Like a phoenix from pixelated ashes, AOL Instant Messenger (AIM), that iconic chat service from the good ol' pre-social media days of dial-up, has been restored. Also, who am I kidding? For those you older than Gen Z who can remember running home from school to check your AIM messages from the friends, and hopefully your grade-school crush, in your Buddylist whilst Carson Daly-era TRL was on in the background, this was our social media. Those good old Y2K days!

AOL is not affiliated with the resurrection of AIM, but rather, a savvy group of developers, Motherboard reports. Instead, the new chat service, fittingly called AIM Phoenix, is being run through a private server by Wildman Productions, a non-profit group of programmers who make software as a hobby. By using the old AIM software running on a new server, AIM Phoenix manages to look and feel exactly like the original chat client, including those cutesy alert sounds for new messages.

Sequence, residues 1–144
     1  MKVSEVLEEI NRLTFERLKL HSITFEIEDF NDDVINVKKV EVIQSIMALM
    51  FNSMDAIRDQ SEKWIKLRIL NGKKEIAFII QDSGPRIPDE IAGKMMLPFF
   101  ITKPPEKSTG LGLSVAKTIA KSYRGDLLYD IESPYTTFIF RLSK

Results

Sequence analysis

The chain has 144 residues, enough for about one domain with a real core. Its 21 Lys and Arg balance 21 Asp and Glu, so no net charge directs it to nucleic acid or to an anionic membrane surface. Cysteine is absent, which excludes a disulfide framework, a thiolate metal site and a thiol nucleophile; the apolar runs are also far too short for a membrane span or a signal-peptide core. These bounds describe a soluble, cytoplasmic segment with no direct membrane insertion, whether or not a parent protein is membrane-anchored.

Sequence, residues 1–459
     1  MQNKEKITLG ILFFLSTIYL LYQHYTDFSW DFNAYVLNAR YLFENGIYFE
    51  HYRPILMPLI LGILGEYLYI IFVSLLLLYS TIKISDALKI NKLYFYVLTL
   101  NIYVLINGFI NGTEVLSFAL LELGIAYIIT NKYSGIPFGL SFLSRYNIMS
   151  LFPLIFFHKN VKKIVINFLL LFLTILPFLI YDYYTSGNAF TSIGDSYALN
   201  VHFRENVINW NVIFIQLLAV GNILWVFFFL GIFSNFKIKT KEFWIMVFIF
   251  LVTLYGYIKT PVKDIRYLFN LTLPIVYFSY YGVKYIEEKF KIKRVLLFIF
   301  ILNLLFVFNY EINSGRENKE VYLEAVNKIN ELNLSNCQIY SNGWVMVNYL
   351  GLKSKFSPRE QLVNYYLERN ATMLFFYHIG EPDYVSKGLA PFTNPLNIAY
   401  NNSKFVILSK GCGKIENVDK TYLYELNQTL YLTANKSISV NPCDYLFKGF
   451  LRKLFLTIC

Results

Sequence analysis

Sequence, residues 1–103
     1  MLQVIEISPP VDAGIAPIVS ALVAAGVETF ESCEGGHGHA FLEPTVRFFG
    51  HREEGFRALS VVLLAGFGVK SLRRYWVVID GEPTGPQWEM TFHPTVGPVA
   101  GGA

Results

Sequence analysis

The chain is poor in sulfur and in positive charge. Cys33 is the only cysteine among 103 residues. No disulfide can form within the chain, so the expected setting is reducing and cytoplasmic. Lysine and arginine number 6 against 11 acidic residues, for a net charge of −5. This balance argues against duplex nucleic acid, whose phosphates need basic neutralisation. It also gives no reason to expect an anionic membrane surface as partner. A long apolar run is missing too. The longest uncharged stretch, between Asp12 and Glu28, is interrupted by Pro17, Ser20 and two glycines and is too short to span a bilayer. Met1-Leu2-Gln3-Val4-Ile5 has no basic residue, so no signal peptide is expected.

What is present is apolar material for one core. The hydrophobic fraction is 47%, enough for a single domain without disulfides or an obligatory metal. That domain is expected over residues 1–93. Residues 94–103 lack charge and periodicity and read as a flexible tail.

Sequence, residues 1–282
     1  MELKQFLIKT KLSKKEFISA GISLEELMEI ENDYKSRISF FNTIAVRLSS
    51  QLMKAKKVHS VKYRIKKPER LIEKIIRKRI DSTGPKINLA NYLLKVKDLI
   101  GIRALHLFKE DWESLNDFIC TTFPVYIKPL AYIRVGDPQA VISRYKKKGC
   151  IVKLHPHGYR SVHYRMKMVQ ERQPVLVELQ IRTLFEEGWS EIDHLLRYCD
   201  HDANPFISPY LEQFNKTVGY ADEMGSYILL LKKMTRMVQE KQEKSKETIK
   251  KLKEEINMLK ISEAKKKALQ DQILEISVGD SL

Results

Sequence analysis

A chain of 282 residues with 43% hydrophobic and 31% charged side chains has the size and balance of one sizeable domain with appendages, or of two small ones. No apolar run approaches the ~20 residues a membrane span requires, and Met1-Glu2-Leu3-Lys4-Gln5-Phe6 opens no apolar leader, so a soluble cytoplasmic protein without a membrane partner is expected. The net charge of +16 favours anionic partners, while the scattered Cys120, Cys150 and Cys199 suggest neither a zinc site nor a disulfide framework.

Download the old AIM through the AIM Phoenix website and register for a new username, create your Buddylist from scratch, and, et voila, you're back online as whatever violently generic "sceneXcore," persona name plus random number that means something to you. Mine was very embarrassing (don't act like yours wasn't): rockstar56214. If you find me and see an avatar of a 14-year-old kid with snaggle tooth, I ain't scared. You won't though. Wink face emoji.

Graphic via Pixabay/AIM

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